By Enwrx J. FBulNnnJn.,. It's hard to imagine now, but at onetrme evenso ardent an anticommunist asWhittaker Chambers believed the Westwas on the losingside of history. If wedidn't succumb to communism.certainlywe would be consumedby a home-grown form of socialism. TheGreat Depressionand two world warshad left few willing torefute theidea that biggovernment was need-ed to order human soci-etv.Friedrich A. Hayek-born 100 years ago tomor-row-was willing to questionthe prevailing wisdom. Hisseminalwork, "The Road to Serf-dom,' published in 1944, chal-lenged the economic and potiticaltheories of his day by assertingthat central planning and individ-ual freedom could not coexist. Forpenning such heterodox notions as"a policy of freedom for the individ-ual is the only truly progressiVe pol-icy,' Hayek earned a prophet's reward: Fint hewas scorned, then ignored.Fortunately, Hayek lived to see his rep-utation restored, first in 19?4 when hewasawarded the Nobel Memorial Prize in Eco-nomic Sciences, and later when GeorgeBush awarded him thePresidential Medalof Freedom. And althougtr his books re-main conspicuously absent from the re-quired-reading lists of most universities,this courtly Austrian-born British citizenremains one of our century's most influen.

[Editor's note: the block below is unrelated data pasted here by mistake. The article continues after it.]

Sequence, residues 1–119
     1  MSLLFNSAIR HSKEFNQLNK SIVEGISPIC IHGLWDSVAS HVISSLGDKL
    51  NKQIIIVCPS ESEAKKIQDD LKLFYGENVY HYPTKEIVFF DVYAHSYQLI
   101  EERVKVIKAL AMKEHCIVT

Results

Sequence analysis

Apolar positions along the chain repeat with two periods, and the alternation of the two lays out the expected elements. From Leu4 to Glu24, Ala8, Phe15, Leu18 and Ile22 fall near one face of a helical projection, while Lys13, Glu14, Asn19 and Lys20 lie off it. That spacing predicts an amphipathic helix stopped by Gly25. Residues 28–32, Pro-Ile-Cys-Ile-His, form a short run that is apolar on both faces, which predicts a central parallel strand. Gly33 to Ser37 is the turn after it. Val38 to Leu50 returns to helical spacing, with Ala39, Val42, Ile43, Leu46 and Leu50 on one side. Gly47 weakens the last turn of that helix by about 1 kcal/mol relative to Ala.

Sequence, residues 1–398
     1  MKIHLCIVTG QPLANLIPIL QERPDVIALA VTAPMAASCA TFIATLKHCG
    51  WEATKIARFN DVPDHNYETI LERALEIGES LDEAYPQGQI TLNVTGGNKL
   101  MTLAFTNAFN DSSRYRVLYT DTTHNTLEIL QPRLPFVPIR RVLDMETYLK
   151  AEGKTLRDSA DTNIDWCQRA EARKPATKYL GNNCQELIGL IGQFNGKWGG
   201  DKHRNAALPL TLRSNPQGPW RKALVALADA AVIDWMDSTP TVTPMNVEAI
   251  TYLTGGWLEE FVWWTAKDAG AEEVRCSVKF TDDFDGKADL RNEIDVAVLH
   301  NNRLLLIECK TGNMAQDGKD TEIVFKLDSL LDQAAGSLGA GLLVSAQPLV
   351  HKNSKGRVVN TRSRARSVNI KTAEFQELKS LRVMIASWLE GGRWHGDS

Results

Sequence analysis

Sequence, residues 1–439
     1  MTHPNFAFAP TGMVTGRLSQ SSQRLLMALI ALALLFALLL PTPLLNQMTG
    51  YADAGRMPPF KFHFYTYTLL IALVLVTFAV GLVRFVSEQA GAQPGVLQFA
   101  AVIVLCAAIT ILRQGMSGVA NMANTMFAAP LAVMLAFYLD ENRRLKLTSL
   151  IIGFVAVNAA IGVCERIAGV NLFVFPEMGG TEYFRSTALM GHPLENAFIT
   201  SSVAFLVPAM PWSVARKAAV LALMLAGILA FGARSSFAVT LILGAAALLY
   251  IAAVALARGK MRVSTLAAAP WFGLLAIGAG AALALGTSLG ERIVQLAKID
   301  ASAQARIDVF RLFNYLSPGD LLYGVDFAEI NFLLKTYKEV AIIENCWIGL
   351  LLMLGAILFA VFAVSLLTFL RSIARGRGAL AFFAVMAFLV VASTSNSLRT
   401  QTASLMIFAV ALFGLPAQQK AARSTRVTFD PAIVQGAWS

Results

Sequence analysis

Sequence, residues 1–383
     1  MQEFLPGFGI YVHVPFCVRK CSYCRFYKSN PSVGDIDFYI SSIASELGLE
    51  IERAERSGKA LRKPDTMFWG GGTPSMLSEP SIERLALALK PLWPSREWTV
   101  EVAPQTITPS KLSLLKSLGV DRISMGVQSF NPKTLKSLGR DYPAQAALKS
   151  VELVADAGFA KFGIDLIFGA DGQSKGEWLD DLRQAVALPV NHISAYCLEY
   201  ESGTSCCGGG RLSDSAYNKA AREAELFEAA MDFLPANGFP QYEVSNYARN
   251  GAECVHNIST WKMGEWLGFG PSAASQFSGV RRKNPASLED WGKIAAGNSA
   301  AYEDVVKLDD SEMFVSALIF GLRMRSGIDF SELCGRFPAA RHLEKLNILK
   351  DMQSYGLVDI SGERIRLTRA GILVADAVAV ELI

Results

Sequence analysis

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Ludwig von Mises, Margaret Thatcher, nonconformistobservations Hayek, Von Misesand Hayek